Today, we exclusively reveal the most recent proposal made to GTR by the RMT. This “six-month accessibility guarantee” represents a major compromise; where the drivers’ control of the doors is accepted, and an offer is made to finally recognise the OBS role.
Most significantly of all from passengers’ perspective, the RMT’s offer asks the company for a commitment to the same levels of accessibility that were guaranteed as of 21st August 2016. That is to say, it seeks to stop the growing frequency of unstaffed trains running to unstaffed/rural stations; which leave disabled and older people unable to spontaneously travel with the confidence they used to prior to August 2016. It is enormously significant that the number of unstaffed trains is now admitted by Southern to be 2.75% – already a significant shift from the 0.06% that Southern Rail originally claimed in a letter to MPs last year.
The logic, taken to its conclusion, is that this offer represents an attempt to ‘freeze’ Southern Rail at the level of access it provided previous to August 2016. It is hard to understand GTR’s refusal in any other way than it is happy for guarantees regarding accessibility prior to August 2016 to be removed; and that it is happy for its services to become less accessible. When one considers the latest offer made to Aslef alongside this (which contained the weakest solution yet for accessibility), it is hard to avoid the conclusion that Southern Rail are shifting the goalposts still further on disabled access.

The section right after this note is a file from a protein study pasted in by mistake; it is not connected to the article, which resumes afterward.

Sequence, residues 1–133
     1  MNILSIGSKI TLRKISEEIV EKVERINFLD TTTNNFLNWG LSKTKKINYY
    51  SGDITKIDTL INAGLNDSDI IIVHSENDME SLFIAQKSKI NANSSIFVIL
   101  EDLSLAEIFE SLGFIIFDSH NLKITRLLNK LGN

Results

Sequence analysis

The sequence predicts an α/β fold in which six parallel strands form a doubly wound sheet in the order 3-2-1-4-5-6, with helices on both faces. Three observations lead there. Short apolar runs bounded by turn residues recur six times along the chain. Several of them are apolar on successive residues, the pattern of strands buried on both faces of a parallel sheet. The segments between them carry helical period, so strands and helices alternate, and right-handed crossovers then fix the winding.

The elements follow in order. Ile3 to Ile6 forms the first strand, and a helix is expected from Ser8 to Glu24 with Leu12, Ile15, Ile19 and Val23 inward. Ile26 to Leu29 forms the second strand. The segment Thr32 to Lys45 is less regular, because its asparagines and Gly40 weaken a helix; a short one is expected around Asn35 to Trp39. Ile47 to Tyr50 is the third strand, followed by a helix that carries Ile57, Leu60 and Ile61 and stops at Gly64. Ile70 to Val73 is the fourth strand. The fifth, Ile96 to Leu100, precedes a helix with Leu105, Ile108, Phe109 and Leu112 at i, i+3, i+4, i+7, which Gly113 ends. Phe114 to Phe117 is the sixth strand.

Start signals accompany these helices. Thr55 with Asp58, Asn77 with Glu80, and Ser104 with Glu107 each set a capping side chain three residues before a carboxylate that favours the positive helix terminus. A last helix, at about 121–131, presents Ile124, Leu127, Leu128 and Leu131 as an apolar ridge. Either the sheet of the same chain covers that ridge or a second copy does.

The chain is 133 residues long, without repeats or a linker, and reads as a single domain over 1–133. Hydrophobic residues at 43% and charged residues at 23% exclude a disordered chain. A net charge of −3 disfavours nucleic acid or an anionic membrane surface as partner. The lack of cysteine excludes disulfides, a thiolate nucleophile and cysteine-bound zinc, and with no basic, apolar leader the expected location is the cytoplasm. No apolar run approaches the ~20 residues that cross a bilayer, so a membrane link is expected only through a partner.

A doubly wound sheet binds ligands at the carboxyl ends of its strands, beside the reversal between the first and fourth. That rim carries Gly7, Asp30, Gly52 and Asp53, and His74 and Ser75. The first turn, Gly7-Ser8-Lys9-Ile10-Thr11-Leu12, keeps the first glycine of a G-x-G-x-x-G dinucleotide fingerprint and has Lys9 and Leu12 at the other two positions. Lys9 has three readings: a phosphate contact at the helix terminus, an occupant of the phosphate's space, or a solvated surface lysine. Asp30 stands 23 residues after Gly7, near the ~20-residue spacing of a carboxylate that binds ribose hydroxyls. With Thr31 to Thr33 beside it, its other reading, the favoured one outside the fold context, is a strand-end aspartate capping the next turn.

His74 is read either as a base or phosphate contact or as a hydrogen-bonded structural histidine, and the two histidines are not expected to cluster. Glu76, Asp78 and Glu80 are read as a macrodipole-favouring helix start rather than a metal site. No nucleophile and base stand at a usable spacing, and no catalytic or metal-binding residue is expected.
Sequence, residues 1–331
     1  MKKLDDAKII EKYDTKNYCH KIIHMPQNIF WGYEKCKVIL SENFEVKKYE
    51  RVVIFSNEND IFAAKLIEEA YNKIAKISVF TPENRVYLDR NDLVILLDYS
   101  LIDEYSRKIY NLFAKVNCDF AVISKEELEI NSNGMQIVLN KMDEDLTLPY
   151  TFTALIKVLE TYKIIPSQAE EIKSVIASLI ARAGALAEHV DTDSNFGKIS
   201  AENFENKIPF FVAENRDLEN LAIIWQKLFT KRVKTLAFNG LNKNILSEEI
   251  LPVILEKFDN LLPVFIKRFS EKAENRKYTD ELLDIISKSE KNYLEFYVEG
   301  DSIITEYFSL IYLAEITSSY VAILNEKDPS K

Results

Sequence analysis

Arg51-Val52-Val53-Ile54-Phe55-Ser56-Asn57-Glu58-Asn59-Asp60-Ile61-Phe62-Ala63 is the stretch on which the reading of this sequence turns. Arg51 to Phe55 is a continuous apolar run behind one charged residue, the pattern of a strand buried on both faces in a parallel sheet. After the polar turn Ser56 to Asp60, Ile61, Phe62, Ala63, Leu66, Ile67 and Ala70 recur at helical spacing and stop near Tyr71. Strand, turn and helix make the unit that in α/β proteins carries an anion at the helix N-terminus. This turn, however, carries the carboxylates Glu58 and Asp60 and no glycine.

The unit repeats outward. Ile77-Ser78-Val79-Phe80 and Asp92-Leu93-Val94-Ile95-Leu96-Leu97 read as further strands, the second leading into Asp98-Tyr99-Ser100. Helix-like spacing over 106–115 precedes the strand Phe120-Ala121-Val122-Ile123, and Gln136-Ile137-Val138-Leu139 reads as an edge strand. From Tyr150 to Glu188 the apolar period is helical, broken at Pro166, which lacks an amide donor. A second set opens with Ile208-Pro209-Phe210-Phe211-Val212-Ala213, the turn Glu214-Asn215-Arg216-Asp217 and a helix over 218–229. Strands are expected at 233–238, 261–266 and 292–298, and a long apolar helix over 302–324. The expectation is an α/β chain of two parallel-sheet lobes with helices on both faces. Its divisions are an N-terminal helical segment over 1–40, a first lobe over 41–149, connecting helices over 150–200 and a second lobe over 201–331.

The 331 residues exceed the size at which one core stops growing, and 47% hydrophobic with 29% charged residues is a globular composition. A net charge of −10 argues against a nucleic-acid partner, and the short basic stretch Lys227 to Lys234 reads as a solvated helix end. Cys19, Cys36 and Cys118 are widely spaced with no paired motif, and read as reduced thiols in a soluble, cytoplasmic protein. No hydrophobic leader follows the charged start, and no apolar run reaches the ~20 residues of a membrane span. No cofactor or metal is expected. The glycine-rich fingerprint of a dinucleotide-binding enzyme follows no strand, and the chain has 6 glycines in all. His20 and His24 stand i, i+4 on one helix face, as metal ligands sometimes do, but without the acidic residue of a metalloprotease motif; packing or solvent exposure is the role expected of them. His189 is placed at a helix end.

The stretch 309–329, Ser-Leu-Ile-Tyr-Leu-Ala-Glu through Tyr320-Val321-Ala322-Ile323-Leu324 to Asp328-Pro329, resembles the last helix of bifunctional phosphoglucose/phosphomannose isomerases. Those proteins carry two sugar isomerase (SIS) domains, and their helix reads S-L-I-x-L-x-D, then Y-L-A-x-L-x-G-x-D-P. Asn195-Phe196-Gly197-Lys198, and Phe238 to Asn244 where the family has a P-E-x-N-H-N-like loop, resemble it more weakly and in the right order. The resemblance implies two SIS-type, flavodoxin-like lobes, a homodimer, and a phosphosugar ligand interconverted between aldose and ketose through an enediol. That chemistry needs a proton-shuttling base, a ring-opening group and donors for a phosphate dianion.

Once again, it seems that the loophole that GTR (or whoever is deciding this dispute) is intent on keeping has the purpose of breaking the RMT, and that this is being done quite consciously at the expense of accessibility. Those in doubt may wish to ask the Rail Delivery Group their thoughts on this issue, especially in light of the 2-year buried report on access we leaked on this blog two weeks ago – a report that strongly argues for keeping the conductor guaranteed on trains outside the metro area.
The following document was circulated on Tuesday 4th July during a meeting between the RMT and MPs in the House of Commons. Those who watched the Gibb Report debate later the same day may remember certain MPs arguing that 2.75% of unstaffed trains running to unstaffed stations was, in their view, acceptable. It is now clear that this figure must have come from their morning meeting where the following document was shared. We object strongly to the normalisation of this “provision, criterion or practice”, which represents a clear breach of the Equality Act according to the Rail Delivery Group’s own leaked report!
The following offer was, to the best of our understanding, made to GTR in late April, and immediately refused. Anyone following this situation in depth will see what a reasonable attempt is made here to find a resolution. If such a compromise as a “six month accessibility guarantee” was trialled, we could finally see this dispute come to an end.